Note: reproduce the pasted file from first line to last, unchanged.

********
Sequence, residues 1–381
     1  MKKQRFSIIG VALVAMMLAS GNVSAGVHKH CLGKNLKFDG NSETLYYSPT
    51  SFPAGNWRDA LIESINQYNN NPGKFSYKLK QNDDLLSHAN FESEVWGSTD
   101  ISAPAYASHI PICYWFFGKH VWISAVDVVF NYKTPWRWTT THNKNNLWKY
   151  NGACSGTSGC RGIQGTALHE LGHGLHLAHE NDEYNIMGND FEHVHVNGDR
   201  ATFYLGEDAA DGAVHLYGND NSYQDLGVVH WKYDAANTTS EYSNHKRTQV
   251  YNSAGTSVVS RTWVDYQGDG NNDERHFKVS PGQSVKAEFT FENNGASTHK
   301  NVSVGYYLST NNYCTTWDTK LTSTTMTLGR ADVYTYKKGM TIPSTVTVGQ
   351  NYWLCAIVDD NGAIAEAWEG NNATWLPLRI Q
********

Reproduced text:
Sequence, residues 1–381
     1  MKKQRFSIIG VALVAMMLAS GNVSAGVHKH CLGKNLKFDG NSETLYYSPT
    51  SFPAGNWRDA LIESINQYNN NPGKFSYKLK QNDDLLSHAN FESEVWGSTD
   101  ISAPAYASHI PICYWFFGKH VWISAVDVVF NYKTPWRWTT THNKNNLWKY
   151  NGACSGTSGC RGIQGTALHE LGHGLHLAHE NDEYNIMGND FEHVHVNGDR
   201  ATFYLGEDAA DGAVHLYGND NSYQDLGVVH WKYDAANTTS EYSNHKRTQV
   251  YNSAGTSVVS RTWVDYQGDG NNDERHFKVS PGQSVKAEFT FENNGASTHK
   301  NVSVGYYLST NNYCTTWDTK LTSTTMTLGR ADVYTYKKGM TIPSTVTVGQ
   351  NYWLCAIVDD NGAIAEAWEG NNATWLPLRI Q